Malta’s financial watchdog is expected to come under scrutiny over its due diligence checks on the initial €8 million in capital used by Iranian national Ali Sadr to set up Pilatus Bank.
The European Banking Authority last month confirmed it had opened a preliminary inquiry into the Malta Financial Services Authority’s supervision of the bank.
Mr Sadr is facing up to 125 years in jail after being arrested in the United States on Monday. He was held over charges of money-laundering and sanction busting.
Mr Sadr is accused of evading US sanctions against Iran by filtering $115 million through front companies and foreign bank accounts, to mask Iranian business dealings in Venezuela between April 2011 and November 2013.
In December 2013, Mr Sadr registered Pilatus Bank in Malta. The €8 million in capital was deposited that same month.
At the time Pilatus was granted its licence by the MFSA in January 2014, Mr Sadr was already under investigation by the FBI, the US indictment documents show.
Malta was not mentioned in the indictment.
No replies were received to questions sent by the Times of Malta yesterday, asking the MFSA whether it could confidently say no illicit funds were used for the initial €8 million in capital provided by Mr Sadr for Pilatus Bank.
The EBA was requested by the EU Commission as well as MEPs to look into whether the MFSA had fulfilled its obligations as a regulator.
It has also been requested to see if the fact that Pilatus Bank continued to hold a licence to operate within the EU warranted its intervention along with that of the European Central Bank.
A leaked FIAU document, passed on to the police in 2016, made reference to intelligence it had about a criminal investigation into Mr Sadr in a “foreign jurisdiction”.
The police said on Wednesday that a delegation from the US should be arriving in Malta in the coming weeks after Maltese police offered assistance in the Sadr case.
The Times of Malta is informed that the initial capital for Pilatus Bank was provided solely by Mr Sadr.
The capital was later increased by a further €2 million to reach €10 million in total.
A 2016 inspection by the FIAU found “glaring, possibly deliberate disregard” for money-laundering controls at the bank.
Pilatus denied any wrongdoing, and a subsequent FIAU visit found that the issues it had identified “no longer subsist”.
The MFSA on Wednesday afternoon announced it had decided to order the removal of Mr Sadr as bank director, suspend his voting rights as a shareholder of the bank and order him to refrain from exercising legal and judicial representation of the bank.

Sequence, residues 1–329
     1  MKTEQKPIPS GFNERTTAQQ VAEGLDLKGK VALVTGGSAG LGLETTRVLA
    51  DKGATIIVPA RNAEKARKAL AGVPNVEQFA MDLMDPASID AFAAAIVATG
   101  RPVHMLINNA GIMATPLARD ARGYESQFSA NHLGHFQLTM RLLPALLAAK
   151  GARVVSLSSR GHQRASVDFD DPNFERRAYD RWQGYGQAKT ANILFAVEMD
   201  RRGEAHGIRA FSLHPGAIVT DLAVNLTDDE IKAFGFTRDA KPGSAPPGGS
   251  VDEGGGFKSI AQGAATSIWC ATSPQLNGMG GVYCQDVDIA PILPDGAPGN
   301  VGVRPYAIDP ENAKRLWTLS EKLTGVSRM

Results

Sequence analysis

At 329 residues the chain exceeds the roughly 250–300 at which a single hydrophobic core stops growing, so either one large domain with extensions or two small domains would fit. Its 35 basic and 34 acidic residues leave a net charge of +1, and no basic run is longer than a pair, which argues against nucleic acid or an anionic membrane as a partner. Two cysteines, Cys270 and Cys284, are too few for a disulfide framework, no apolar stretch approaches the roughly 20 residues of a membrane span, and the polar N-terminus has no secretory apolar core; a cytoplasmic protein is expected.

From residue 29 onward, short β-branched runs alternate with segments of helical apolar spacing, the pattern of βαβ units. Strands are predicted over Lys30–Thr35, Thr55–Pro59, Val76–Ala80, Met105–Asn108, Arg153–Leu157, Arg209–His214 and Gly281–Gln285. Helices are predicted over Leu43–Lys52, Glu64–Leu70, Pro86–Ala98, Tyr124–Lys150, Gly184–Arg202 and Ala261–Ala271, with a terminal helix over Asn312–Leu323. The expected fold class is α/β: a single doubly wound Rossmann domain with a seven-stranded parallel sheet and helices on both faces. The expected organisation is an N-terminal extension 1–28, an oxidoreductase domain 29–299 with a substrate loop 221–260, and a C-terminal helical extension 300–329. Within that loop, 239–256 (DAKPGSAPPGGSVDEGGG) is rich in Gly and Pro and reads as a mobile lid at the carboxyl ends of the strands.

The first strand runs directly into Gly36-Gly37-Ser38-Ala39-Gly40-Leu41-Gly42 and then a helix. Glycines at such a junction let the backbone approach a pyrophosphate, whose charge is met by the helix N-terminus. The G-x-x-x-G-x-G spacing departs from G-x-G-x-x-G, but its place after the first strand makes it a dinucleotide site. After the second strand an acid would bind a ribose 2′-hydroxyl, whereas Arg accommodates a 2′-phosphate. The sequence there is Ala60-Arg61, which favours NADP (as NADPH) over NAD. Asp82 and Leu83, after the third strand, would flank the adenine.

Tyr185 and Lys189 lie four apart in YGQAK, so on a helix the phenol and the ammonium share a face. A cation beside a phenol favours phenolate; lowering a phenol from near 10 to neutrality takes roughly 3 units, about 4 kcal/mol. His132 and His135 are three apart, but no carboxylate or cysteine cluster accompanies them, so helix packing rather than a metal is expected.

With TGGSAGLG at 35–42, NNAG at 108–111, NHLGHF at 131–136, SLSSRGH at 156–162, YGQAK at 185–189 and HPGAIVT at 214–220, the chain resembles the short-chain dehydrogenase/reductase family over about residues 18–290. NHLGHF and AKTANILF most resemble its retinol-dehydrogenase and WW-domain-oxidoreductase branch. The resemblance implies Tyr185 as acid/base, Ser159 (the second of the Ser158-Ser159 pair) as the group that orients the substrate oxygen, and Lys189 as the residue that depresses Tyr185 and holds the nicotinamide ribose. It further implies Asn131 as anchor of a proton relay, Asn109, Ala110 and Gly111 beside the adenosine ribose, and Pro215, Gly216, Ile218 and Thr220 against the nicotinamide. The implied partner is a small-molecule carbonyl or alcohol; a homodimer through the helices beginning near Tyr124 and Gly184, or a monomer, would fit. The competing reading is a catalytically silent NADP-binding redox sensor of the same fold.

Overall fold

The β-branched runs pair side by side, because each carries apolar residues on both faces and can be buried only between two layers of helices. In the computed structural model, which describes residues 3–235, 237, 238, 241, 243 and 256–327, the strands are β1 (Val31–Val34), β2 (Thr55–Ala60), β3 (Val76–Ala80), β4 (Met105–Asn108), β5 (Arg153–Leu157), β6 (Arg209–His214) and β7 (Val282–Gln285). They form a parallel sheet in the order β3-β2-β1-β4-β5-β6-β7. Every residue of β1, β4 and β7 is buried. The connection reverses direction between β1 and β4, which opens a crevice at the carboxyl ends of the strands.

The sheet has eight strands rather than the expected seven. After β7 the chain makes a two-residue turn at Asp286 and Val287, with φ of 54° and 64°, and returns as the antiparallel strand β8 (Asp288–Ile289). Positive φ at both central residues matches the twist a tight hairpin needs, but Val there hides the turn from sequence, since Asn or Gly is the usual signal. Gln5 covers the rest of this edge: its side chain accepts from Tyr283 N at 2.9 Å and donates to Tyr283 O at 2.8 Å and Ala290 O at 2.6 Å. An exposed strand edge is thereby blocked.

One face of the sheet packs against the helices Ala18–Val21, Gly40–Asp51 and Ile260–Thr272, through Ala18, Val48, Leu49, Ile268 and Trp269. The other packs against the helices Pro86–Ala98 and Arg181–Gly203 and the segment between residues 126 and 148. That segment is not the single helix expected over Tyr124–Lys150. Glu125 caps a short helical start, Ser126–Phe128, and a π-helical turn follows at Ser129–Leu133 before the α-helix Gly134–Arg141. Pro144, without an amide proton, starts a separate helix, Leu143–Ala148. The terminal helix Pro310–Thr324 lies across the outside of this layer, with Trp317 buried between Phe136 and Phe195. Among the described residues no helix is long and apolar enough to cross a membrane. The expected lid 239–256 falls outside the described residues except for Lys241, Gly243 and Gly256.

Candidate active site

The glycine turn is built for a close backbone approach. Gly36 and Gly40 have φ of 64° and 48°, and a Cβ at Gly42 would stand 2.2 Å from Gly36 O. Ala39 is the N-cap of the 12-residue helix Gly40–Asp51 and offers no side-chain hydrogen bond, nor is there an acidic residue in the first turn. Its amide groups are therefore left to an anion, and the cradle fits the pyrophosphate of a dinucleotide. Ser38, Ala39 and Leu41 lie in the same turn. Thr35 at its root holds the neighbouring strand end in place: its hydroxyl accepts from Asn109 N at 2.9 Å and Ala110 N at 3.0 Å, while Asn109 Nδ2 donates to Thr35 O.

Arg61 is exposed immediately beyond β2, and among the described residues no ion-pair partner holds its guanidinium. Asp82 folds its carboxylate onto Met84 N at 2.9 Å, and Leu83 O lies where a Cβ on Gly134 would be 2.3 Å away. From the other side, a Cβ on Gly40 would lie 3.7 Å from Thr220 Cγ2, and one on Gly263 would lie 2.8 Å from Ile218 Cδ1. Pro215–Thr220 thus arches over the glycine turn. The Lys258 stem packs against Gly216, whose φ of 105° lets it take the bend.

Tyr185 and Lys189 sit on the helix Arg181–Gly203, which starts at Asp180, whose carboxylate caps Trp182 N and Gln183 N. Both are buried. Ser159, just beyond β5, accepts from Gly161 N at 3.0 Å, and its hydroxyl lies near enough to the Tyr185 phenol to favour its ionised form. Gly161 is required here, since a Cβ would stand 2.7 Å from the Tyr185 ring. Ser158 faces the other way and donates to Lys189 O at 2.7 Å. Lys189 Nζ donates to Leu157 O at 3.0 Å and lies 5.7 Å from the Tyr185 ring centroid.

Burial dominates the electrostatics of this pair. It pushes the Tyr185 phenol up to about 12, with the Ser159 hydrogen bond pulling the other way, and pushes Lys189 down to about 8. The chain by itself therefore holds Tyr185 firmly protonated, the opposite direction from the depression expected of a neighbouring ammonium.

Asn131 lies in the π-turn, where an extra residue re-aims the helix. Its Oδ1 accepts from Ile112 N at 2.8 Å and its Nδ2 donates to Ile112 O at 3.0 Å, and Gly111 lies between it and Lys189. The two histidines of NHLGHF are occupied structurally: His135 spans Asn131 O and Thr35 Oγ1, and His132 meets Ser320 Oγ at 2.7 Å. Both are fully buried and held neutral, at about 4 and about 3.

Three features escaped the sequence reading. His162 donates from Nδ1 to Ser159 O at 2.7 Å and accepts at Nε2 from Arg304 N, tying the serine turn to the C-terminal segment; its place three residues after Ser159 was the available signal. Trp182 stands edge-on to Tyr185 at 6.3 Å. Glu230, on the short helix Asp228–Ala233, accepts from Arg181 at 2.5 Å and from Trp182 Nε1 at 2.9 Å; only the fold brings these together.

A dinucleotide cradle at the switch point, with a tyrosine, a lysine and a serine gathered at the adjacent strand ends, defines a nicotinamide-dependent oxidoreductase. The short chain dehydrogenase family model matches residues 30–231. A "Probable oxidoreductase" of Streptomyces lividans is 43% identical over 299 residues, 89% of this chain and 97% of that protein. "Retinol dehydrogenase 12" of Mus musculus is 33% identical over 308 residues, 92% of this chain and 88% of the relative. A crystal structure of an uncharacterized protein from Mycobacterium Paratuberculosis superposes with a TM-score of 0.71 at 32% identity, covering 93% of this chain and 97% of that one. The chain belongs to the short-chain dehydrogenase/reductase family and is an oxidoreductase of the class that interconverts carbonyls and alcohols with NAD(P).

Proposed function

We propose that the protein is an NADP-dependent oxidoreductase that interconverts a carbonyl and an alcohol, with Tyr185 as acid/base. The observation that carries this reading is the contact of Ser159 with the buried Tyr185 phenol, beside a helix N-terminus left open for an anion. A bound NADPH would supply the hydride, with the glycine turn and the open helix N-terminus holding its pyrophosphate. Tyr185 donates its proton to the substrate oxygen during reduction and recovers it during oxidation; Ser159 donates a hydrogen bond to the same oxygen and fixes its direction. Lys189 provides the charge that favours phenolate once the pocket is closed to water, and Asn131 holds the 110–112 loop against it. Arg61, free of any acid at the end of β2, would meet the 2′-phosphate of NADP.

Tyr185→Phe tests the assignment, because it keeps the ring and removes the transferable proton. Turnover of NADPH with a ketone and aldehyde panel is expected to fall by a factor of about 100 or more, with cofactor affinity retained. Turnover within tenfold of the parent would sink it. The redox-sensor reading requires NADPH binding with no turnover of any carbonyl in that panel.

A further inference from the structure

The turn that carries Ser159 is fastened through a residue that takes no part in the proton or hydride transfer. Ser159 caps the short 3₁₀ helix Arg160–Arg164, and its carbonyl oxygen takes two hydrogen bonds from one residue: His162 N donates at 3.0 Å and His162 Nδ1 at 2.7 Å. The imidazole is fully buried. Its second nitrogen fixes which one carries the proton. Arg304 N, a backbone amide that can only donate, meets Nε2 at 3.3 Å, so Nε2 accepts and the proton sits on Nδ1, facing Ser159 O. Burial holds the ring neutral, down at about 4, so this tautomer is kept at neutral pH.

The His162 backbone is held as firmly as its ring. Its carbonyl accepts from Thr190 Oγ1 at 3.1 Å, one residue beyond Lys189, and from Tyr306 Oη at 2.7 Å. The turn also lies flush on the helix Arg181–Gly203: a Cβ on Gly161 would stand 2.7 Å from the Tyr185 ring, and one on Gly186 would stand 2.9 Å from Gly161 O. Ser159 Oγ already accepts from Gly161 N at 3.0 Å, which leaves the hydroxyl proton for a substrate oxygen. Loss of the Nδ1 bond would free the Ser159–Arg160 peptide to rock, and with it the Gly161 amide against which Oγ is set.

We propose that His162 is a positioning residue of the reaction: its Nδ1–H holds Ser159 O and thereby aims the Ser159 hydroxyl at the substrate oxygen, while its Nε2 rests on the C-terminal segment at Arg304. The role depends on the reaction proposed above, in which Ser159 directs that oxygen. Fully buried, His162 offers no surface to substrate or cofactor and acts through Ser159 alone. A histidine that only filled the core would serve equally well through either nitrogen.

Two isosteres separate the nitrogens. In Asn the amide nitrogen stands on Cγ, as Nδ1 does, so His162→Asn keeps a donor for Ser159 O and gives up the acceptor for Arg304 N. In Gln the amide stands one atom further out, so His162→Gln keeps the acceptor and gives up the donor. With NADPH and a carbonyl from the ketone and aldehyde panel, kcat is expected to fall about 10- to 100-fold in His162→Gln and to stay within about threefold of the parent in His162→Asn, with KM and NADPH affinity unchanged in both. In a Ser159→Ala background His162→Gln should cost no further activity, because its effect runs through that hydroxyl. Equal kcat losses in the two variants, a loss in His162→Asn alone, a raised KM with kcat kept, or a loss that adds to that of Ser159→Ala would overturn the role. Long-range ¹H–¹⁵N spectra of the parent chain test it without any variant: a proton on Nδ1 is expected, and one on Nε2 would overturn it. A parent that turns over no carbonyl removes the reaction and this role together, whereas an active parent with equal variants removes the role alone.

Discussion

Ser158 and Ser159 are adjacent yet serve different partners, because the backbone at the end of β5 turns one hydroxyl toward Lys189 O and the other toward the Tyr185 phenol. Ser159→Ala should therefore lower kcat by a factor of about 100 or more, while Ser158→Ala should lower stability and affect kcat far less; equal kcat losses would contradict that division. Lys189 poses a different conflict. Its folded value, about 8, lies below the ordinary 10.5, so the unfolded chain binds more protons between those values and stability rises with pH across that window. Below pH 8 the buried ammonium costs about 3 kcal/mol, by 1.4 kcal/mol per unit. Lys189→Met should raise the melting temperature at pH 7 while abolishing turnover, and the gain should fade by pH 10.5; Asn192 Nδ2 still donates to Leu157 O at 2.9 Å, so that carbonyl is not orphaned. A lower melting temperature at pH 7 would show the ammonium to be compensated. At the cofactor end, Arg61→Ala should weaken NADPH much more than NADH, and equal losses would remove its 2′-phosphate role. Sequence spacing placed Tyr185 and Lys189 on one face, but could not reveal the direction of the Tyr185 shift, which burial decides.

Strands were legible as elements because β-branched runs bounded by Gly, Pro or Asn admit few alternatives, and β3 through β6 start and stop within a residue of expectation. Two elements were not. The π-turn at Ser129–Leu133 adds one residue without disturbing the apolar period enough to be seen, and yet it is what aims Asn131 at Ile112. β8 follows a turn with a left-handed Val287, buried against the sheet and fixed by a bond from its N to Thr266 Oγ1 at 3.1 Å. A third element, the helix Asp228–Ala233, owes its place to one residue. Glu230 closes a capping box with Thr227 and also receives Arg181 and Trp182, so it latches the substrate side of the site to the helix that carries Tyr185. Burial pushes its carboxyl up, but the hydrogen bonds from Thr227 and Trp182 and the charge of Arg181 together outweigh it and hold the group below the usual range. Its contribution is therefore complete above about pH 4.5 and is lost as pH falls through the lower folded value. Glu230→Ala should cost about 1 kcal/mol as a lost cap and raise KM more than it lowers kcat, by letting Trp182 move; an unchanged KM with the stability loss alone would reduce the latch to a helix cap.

The MFSA’s supervisory council also ordered Pilatus Bank to suspend any banking activity related to any of its shareholders, directors, senior managers and anyone connected to them.
Pilatus Bank has also been told to get MFSA clearance before moving any of its assets and warned that the regulator is considering introducing further measures.
In another statement issued later that same day, the MFSA “clarified” that its directive meant all transactions by the bank were being suspended.
The MFSA has long defended its decision to grant a licence to Pilatus, arguing that all the necessary due diligence checks had been carried out.
KPMG acted as consultants to Pilatus Bank during the licensing process. Last December, the international audit firm faced questions from MEPs investigating the rule of law in Malta.
Asked if Mr Sadr’s Iranian origins and use of a St Kitts & Nevis passport were obstacles during the licensing process, KPMG’s Juanita Bencini told MEPs she could not answer due to client confidentiality obligations.
MFSA makes bank appointment
The Malta Financial Services Authority late Thursday evening announced it had appointed Lawrence Connell to take charge of all Pilatus Bank Limited assets. It said the assets also includes any assets related to investment services business.
He will assume control of the bank’s banking and investment services business and will “continue carrying on that business until such time as the MFSA may direct”.
The MFSA furthermore directed the bank not to dispose, liquidate and transfer or otherwise deal with clients’ assets and monies.
These measures will remain in place until such time as the MFSA may direct otherwise.
It said that any communication in relation to the bank should be addressed to the bank on the following number: 2779 9999.
Independent journalism costs money. Support Times of Malta for the price of a coffee.Support Us